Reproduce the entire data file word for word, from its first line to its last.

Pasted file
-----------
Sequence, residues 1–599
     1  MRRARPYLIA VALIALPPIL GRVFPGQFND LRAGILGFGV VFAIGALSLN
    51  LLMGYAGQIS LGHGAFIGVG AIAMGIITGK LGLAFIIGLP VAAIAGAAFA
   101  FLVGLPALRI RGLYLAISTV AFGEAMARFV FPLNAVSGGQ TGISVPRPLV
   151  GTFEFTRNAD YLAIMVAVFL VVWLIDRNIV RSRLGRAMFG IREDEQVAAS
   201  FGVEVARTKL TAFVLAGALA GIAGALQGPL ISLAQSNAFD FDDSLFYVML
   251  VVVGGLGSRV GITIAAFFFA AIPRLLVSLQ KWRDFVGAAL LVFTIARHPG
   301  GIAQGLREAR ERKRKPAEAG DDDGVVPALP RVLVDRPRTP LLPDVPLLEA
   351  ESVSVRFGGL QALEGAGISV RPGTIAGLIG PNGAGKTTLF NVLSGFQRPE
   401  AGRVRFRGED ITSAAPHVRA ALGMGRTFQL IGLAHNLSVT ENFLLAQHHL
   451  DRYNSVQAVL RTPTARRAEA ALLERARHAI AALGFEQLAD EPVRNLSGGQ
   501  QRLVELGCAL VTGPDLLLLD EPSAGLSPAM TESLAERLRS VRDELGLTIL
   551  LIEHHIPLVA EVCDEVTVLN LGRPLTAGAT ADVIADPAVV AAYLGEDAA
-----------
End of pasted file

Sequence, residues 1–599
     1  MRRARPYLIA VALIALPPIL GRVFPGQFND LRAGILGFGV VFAIGALSLN
    51  LLMGYAGQIS LGHGAFIGVG AIAMGIITGK LGLAFIIGLP VAAIAGAAFA
   101  FLVGLPALRI RGLYLAISTV AFGEAMARFV FPLNAVSGGQ TGISVPRPLV
   151  GTFEFTRNAD YLAIMVAVFL VVWLIDRNIV RSRLGRAMFG IREDEQVAAS
   201  FGVEVARTKL TAFVLAGALA GIAGALQGPL ISLAQSNAFD FDDSLFYVML
   251  VVVGGLGSRV GITIAAFFFA AIPRLLVSLQ KWRDFVGAAL LVFTIARHPG
   301  GIAQGLREAR ERKRKPAEAG DDDGVVPALP RVLVDRPRTP LLPDVPLLEA
   351  ESVSVRFGGL QALEGAGISV RPGTIAGLIG PNGAGKTTLF NVLSGFQRPE
   401  AGRVRFRGED ITSAAPHVRA ALGMGRTFQL IGLAHNLSVT ENFLLAQHHL
   451  DRYNSVQAVL RTPTARRAEA ALLERARHAI AALGFEQLAD EPVRNLSGGQ
   501  QRLVELGCAL VTGPDLLLLD EPSAGLSPAM TESLAERLRS VRDELGLTIL
   551  LIEHHIPLVA EVCDEVTVLN LGRPLTAGAT ADVIADPAVV AAYLGEDAA